Cannes 2013 Review: ‘Michael Kohlhaas’ Is a Tedious Waste of a Strong Cast


Arnaud des Pallieres’ take on Heinrich von Kleist’s novella, Michael Kohlhaas, has all the makings of a riveting, party-crashing entry into the Cannes Film Festival’s In Competition banner, what with its focus on adventure and righteous vengeance. Disappointing it is, then, that while it features Mads Mikkelsen in as game a mode as ever, and the landscapes are sumptuously shot, the soporific narrative pulse has kept this oddly forgettable film clear of festival discussion pretty much altogether, which many could argue is even worse than it being an alright flop.

The story begins as the titular character (Mikkelsen), a merchant, is forced by a local Baron (Swann Arlaud) to relinquish two of his prized horses as collateral on the way to the market due to him not having the proper documentation. When Kohlhaas returns to discover that the steeds are of ill health and Cesar (David Bennent), the man he left behind to tend for them, has been attacked by the Baron’s guard dogs, he seeks reparations from the courts. However, given the Baron’s social stature, Kohlhaas loses the case immediately. Devastatingly, his wife, Judith (Delphine Chuillot), also winds up murdered while travelling to plea the case, and so Michael teams up with the local social outcasts to launch an attack against the Baron and his army.

Though audiences are likely to be enticed by the jaunty, Robin Hood-esque premise, Pallieres’ film is a shockingly airless, ponderous affair, more interested in tritely philosophical, faux-poetic diatribes than in crafting an experience that is either exciting or viscerally engaging. By the director’s own admission, his film smacks of Herzog’s Aguirre, though can’t muster even a morsel of the same seat-of-your-pants invention, while Mikkelsen, if a fine Herzog stand-in, is distinguished by little more than his remarkable coiffure and designer stubble.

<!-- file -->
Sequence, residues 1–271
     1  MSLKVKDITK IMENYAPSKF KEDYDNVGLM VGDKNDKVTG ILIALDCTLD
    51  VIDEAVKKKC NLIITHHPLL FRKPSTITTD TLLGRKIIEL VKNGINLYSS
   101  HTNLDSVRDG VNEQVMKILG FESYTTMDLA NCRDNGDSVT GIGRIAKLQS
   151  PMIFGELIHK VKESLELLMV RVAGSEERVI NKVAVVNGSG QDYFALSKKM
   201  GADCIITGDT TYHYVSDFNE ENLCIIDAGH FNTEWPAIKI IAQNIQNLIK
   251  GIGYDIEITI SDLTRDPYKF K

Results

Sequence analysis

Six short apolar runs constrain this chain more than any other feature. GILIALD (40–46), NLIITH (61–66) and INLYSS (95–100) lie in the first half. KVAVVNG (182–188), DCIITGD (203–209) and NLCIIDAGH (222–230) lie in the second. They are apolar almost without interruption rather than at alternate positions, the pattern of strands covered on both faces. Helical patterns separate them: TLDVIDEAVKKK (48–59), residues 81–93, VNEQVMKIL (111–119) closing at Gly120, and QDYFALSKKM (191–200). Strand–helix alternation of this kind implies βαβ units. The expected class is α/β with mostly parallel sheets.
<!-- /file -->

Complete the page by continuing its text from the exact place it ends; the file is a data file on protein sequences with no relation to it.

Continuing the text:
Even when the band of merry men eventually lead an assault on the Baron’s castle, Pallieres’ sloppily unfussed action direction denies the audience much fun, made further problematic by appalling, often incomprehensible editing, overseen by the director himself alongside Sandie Bompar. In the end, it’s clear where Pallieres’ interests largely lie, in building a believable time capsule into centuries past, which he has admittedly done well thanks to Jeanne Lapoire’s razor-sharp cinematography (she also lensed the festival’s A Castle in Italy) and Yan Arlaud’s punchy production design. Essentially, it is strong in the way that almost all costume dramas are, though evidently thinks itself capable of coasting on those merits alone.

The interminable nature of the picture is such that viewers may well have run out of steam long before the finale of the piece, at which point it becomes clear that the trio of internationally regarded actors starring in the picture – Mikkelsen, Bruno Ganz and Denis Lavant – have been thoroughly under-utilised. Only in the film’s final scene does Pallieres manage to rustle up any truly soul-stirring imagery, specifically a closing image that is hauntingly poetic in spite of almost everything that precedes it.

This is a brutally tedious, interminably long costume drama that errantly wastes a fleet of talented actors.

The Upside: Mads Mikkelsen tries hard to imbue his role with the necessary gravitas, and his co-stars aren’t far behind. It’s also sumptuously filmed, specifically the landscapes.

The Downside: It drifts by at a glacial pace, and Pallieres’ handling of the film’s single notable action sequence is embarrassingly messy. The worst thing that can be said about Michael Kohlhaas is that you won’t long remember it afterwards, save for the final image.

On the Side: This is the second movie adaptation of the story, after a 1969 attempt by Volker Schlondorff, which funnily enough also played the In Competition strand at Cannes.


Having been raised on a firm dose of Arnold Schwarzenegger movies throughout the 1990s, it's no surprise Shaun Munro is such an obsessive of genre cinema; he'll watch anything from a gory horror to a sickly-sweet rom-com with a critical eye and an insatiable thirst for film. After completing a degree in Film and Literature in 2009, Shaun eventually landed a gig with What Culture, and worked his way up to become an Associate Editor and the Chief Film Critic there. He is most comfortable in the darkened screening rooms of London watching the latest flicks headed your way, or in the pub discussing them afterwards.

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